March 13: Superior Beings: Anderson, Joyce, and the Lovable Sherlock Holmes

Thursday’s discussion concerning elitism got me thinking. In class, I contrasted the order and purpose of the detective novel with the seeming purposelessness of Ulysses. Detective novels are accessible and predictable, even though they often succeed in surprising us. Ulysses, alongside many of the other modernist texts published in The Little Review, is difficult and incredibly intimidating for readers of all sorts. Given Margaret Anderson’s attitude in “Ulysses in Court,” it’s not surprising that many people are angered by the inherent elitism of her magazine and its literary offerings. But Margaret Anderson reminds me of Sherlock Holmes, arguably the most famous fictional detective of all time. They both have superior intellectual capacities that set them apart from the general public, they are both driven and obsessive in pursuit of their goals, and they both make others feel ignorant and inferior. So why is it that we hate Margaret Anderson (and the modernist texts she supports) but we love Sherlock Holmes? In my opinion, the distinction comes down to motive (not, as a friend suggested, substance abuse).

Holmes’ actions may be motivated by his own arrogance­–each case is yet another chance to prove his intelligence–but he is also driven by his desire to solve the puzzle at hand. We, the readers, as well as his fellow characters, share in this desire: we also want to know what it all means.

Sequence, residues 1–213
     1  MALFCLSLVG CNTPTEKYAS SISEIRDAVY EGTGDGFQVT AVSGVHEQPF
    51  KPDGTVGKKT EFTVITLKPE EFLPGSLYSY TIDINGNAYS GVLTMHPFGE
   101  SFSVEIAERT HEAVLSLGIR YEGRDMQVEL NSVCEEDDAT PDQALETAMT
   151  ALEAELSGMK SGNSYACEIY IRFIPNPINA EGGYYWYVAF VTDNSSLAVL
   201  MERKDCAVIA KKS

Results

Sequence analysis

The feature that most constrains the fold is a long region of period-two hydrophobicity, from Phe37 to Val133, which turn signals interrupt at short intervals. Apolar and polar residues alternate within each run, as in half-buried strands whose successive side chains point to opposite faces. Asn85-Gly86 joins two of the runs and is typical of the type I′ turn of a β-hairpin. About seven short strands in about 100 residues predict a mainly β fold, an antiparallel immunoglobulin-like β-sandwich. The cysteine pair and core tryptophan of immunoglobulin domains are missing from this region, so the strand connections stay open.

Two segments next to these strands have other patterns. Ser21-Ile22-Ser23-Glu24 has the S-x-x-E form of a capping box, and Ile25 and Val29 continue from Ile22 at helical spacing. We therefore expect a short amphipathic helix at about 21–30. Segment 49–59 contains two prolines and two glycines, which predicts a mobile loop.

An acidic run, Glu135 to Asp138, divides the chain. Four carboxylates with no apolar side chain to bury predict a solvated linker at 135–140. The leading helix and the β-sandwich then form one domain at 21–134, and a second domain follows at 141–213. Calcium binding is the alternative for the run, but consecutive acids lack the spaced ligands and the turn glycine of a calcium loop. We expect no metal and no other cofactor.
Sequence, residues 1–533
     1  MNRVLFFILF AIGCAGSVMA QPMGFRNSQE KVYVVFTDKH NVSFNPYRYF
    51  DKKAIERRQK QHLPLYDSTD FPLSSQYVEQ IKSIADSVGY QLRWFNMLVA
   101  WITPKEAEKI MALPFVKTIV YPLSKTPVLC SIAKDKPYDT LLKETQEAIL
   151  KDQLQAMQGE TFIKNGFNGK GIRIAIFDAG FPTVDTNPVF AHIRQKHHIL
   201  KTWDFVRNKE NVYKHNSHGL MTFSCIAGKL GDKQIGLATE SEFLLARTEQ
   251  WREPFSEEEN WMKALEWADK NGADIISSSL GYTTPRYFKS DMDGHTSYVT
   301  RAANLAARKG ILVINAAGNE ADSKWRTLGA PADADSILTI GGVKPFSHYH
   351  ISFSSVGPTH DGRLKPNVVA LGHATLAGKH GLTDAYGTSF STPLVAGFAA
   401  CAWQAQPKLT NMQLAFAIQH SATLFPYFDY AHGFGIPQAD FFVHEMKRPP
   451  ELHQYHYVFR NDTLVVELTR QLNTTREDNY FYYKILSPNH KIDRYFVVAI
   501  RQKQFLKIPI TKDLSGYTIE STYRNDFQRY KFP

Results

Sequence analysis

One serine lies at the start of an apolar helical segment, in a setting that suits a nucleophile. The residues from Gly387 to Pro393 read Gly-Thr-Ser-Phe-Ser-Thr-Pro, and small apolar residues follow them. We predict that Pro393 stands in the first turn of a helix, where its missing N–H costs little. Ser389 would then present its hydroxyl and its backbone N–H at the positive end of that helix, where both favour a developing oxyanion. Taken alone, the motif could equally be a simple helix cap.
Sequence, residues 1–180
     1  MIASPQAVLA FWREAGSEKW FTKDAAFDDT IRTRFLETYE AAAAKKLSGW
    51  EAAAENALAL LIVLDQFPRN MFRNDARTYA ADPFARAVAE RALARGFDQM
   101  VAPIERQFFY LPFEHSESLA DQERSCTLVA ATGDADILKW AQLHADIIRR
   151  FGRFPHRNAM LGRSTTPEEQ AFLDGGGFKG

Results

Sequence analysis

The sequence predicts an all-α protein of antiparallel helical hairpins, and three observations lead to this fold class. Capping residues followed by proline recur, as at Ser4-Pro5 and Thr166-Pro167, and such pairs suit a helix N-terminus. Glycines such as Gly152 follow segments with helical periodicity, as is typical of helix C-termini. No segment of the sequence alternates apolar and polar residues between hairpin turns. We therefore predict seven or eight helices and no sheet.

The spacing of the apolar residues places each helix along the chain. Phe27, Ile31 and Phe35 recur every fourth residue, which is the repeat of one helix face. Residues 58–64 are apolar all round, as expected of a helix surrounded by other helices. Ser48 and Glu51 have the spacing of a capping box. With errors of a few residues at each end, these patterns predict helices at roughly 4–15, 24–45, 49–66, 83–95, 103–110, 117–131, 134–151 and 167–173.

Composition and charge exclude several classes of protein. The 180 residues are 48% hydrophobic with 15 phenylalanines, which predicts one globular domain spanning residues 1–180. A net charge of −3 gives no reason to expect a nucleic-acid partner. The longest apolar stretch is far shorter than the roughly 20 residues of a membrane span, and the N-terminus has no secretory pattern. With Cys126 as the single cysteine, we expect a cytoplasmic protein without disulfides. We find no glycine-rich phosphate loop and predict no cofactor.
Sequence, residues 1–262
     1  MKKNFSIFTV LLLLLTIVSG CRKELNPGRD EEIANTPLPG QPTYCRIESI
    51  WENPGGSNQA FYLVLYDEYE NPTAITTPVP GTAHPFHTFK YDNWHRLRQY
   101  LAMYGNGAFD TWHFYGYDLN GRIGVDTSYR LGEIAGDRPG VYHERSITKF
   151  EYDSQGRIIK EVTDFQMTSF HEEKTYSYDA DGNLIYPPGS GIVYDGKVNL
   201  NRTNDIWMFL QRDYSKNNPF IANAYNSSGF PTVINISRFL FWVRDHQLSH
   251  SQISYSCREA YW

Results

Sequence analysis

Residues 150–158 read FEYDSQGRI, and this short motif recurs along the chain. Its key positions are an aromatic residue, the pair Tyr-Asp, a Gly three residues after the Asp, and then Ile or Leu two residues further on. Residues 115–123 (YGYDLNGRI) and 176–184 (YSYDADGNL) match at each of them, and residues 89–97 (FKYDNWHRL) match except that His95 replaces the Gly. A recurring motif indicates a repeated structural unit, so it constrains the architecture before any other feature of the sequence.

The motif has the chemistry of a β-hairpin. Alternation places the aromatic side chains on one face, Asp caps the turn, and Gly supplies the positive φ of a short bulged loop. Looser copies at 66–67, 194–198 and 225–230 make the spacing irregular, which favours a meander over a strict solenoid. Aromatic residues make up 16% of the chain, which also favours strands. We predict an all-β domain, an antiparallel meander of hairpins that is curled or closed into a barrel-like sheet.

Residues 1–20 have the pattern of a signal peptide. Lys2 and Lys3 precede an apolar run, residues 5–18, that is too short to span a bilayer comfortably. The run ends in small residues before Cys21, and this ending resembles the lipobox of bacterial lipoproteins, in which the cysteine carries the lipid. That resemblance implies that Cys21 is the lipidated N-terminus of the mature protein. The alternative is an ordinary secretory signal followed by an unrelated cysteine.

In contrast, the motives of Anderson and her fellow modernists are far less clear. Any attempt to consider them inevitably leads me to grand, far too challenging questions on the nature of art. What is it? What is it for? What should it look/sound/taste like? Such questions are just as baffling as any mystery Arthur Conan Doyle can cook up. In fact, they are far more intimidating because they remain unresolved.

Which leads to the next facet of Holmes’ motives: restoring order. This is just another way of saying solving the puzzle, but it has wider consequences for the readership/public. Each detective novel begins when our calm, familiar world is disrupted by a baffling, often grisly crime. The only way we can restore our sense of order, peace, justice, and safety is to keep reading and look for answers. Conan Doyle’s novels, part of the Great Detective sub-genre, don’t assume fair play, so there is very little chance that we the readers can independently solve these mysteries. We have to put our trust in the intelligence and competency of Sherlock Holmes. Holmes, no matter how much he may challenge our own confidence by proving us to be ignorant and unobservant, always succeeds in solving the mystery and restoring order to our world, reassuring us once again.

The Little Review has no such goal. Joyce’s writing disrupts our ordered, familiar world through its innovative and unpredictable techniques. We discussed in class how even savvy scholars like ourselves need guides–annotations, secondary sources, professors–to tackle the overwhelming task of reading Ulysses and emerging with our sanity and confidence in tact. Further, when we reach the end, there will be no clean, elegant resolution like the ones Holmes provides. That is not the kind of ending Anderson and Joyce would create and its not the kind of ending their desired readership should expect. These people–they publish writing that unsettles our familiar worldview, flesh it out with obscene behaviour, and refuse to explain themselves.